After Meat Loaf endorsed Mitt Romney last week, people wondered whether the New York Times would refer to the rocker as Mr. Loaf as, they claimed, the paper has done in the past.
Meat Loaf has made the same claim in interviews.
From the Las Vegas Mercury, July 24, 2003:
Mercury: Does anyone ever call you Mr. Loaf?
Meat Loaf: Have you ever heard of Clive Barnes? He was the premier theater critic for the New York Times. And the first year I did Shakespeare in the Park–it was with Raoul Julia, Marybeth Hurt, myself and another actress named Kathleen Widows–he wrote, “Mr. Julia, Ms. Hurt, Mr. Loaf and Ms. Widows.” That was when we performed As You Like It.
Here is that Barnes review from the June 29, 1973, Times; there’s no Mr. Loaf reference.
This comes from his CBS biography: “Meat Loaf went on to get his feet wet in Shakespeare when he appeared in a central part production of “As You Like It”. (It was this performance that led New York Times drama critic Clive Barnes, who was not impressed, to dub him “Mr. Loaf”).”
In a 2007 “Talk to the Newsroom” Q and A, Times standards editor Phil Corbett was asked about the “Mr. Loaf” reference. He said:
The notion that The Times referred to Meat Loaf as “Mr. Loaf” is more or less apocryphal. As my colleague Merrill Perlman explained when she took questions in this forum, our one use of “Mr. Loaf” was as a joke, in a headline for a review of a movie about him. The headline was, “Is He Called Just Plain Meat Or Should It Be Mr. Loaf?”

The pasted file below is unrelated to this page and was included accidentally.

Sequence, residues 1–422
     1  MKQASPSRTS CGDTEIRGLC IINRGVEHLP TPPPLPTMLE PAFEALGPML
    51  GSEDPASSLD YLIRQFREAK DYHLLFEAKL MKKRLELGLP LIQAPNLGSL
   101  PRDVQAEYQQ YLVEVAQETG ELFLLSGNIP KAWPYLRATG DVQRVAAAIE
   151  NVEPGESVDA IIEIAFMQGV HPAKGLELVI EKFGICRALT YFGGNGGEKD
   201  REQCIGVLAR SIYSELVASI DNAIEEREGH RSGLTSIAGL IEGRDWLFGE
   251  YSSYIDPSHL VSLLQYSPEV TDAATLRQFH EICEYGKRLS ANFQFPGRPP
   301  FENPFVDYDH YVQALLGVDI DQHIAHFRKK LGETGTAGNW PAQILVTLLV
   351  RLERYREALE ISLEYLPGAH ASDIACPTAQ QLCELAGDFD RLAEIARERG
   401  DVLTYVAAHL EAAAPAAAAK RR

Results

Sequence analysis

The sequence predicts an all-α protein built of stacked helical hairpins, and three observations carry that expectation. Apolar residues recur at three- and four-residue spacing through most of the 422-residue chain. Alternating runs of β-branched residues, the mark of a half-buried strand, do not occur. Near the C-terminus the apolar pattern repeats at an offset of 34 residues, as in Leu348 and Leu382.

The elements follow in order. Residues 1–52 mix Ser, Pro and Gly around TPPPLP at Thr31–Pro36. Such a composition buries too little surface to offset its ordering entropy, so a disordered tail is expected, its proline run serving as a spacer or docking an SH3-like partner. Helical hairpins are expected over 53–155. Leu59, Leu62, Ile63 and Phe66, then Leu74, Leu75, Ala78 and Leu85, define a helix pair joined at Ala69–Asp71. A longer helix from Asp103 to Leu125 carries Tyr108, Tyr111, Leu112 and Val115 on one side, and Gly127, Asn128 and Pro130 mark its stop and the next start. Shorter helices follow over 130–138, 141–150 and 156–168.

What about Michael Barbaro’s Times story last week about Meat Loaf’s Romney endorsement? The 65-year-old singer was referred to as Meat Loaf throughout; Mr. was never attached to his name.
UPDATE I: Greg Robb tweets: “but i think they might have called jamaican rapper shinehead, mr. shinehead.” You’re right. Here’s the 1988 story.
UPDATE II: It’s been pointed out that the Wall Street Journal has used Mr. Loaf. See the ninth paragraph of this story.
UPDATE III: The American-Statesman’s Ken Herman shares this: “Mitt, meet Meat. Meat, meet Mitt.”
UPDATE IV: Stacy Vogel Davis tweets: “I once heard NPR refer to 50 Cent as ‘Mr. Cent.'” Steve Inskeep did that in a 2007 piece.